When you feel as though you’re ready to start your own criminal defense law firm, you’ll need to begin preparing for this as you would prepare for any goal. This means creating a checklist that can help you stay on target and achieve your dream without forgetting the necessary steps. The checklist you create for yourself should essentially be a series of smaller goals that you’ll need to achieve in an orderly process. This guide can help you identify the steps you’ll need to take in starting your firm.
Develop a Business Plan
Even though your goal is to provide your expertise as a criminal attorney to those in need, your law firm will still be a business in the strictest sense. This means you’ll be required to start out with a comprehensive business plan that identifies your primary goal with a mission statement and strategy.
Additionally, your business plan should include a budget for the operation of your firm, and you should have a marketing plan that identifies what you’ll spend on advertising your services each month. To counter your monthly expenses, your business plan should identify short-term goals for earning income each month. This will require developing a plan for bringing in a specific amount of new clients on a regular basis.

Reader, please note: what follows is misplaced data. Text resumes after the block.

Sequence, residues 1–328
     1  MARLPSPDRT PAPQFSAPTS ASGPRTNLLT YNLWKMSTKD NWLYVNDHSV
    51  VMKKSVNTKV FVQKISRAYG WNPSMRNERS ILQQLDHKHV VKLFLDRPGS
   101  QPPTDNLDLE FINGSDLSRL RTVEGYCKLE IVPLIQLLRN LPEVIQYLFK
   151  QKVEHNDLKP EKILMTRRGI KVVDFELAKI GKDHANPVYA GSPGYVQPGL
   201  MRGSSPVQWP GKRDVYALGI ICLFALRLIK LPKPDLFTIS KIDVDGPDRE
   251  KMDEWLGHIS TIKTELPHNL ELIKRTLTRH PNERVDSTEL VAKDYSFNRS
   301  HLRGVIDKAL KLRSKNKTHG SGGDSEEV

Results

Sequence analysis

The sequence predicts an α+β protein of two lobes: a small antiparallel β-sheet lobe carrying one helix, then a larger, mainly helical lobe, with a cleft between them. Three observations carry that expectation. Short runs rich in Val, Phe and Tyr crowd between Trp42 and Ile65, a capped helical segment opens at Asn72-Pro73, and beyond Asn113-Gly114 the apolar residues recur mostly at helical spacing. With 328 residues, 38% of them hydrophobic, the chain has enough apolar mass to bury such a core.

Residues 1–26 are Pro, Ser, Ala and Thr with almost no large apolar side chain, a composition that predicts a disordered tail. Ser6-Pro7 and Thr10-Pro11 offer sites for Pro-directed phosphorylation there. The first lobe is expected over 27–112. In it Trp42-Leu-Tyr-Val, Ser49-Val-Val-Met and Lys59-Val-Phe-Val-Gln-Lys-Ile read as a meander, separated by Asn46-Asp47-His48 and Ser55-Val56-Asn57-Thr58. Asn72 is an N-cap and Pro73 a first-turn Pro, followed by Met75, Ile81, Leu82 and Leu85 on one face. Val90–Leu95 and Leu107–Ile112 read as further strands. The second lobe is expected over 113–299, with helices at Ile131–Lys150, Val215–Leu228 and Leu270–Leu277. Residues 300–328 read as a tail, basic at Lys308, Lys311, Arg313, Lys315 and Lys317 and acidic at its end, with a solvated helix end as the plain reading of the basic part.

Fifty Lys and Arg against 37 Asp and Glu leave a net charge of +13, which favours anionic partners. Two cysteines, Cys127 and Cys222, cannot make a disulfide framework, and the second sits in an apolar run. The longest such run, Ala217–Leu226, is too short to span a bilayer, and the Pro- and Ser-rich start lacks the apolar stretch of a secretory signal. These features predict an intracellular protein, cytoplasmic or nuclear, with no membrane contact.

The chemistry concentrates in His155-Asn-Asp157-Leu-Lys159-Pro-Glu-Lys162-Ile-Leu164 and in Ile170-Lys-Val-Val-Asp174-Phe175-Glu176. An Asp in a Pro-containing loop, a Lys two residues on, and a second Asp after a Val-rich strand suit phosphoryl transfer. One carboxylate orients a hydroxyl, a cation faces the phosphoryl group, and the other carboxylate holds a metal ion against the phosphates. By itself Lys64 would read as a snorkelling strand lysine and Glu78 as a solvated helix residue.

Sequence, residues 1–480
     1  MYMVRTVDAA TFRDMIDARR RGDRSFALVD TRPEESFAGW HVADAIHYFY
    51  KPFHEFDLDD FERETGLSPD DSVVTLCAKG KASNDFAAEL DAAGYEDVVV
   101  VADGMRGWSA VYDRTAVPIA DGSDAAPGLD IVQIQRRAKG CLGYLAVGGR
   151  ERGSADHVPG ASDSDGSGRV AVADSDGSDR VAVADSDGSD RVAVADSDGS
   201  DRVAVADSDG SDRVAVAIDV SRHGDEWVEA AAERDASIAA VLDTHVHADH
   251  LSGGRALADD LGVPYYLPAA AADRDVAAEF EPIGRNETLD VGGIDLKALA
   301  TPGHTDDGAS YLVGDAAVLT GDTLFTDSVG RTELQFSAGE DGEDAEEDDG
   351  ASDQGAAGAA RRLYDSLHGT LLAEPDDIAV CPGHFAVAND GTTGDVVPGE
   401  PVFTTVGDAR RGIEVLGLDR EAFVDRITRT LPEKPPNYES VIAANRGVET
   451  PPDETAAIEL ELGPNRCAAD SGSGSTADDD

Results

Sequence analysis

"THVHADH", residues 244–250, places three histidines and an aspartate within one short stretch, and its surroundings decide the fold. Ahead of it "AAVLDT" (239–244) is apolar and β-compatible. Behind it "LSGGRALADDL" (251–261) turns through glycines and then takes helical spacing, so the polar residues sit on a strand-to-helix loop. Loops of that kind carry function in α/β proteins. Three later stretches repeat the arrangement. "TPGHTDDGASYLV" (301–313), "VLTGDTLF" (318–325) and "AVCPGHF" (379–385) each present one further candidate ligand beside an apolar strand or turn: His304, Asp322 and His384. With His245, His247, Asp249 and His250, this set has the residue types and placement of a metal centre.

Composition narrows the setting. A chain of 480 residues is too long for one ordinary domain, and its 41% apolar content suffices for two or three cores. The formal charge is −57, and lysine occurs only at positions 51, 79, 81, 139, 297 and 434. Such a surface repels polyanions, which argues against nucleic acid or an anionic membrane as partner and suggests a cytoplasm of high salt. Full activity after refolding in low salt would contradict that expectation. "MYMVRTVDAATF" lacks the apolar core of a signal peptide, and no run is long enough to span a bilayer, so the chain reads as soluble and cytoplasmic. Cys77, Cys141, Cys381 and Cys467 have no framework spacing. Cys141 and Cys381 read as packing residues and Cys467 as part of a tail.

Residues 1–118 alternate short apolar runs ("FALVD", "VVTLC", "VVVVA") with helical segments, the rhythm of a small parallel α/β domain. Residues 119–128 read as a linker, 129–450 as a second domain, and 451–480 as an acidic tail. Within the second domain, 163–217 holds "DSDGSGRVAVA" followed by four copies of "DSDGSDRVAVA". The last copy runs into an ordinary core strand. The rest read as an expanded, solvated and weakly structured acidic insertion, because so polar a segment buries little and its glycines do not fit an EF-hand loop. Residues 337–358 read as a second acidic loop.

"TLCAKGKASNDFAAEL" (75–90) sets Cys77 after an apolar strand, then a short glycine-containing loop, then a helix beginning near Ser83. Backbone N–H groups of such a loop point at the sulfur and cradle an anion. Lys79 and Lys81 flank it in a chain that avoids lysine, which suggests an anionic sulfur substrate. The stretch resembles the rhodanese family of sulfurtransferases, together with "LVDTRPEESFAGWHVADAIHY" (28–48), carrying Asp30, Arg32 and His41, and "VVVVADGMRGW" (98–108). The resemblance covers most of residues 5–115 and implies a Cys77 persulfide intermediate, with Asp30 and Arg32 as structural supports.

Determine if You’ll Need a Brick and Mortar Office
In 2021, operating out of a traditional brick and mortar office isn’t essential. You can always set up a home office that allows you to meet clients to avoid the need for a formal office. Most of your tasks can either be performed online or through a third-party service, so maintaining a traditional office is no longer a necessity. Additionally, working from home and maintaining a virtual online presence can save you the significant costs associated with renting office space or buying a commercial building.
Build a Mobile-Friendly Website
It’s no longer enough to just have a website. In the modern digital age, it’s important for your site to have a few necessary features that can help improve its function as the gateway to your solo practice. This starts with creating a site that looks as beautiful and functions as efficiently on mobile devices as it does on a full-size desktop computer.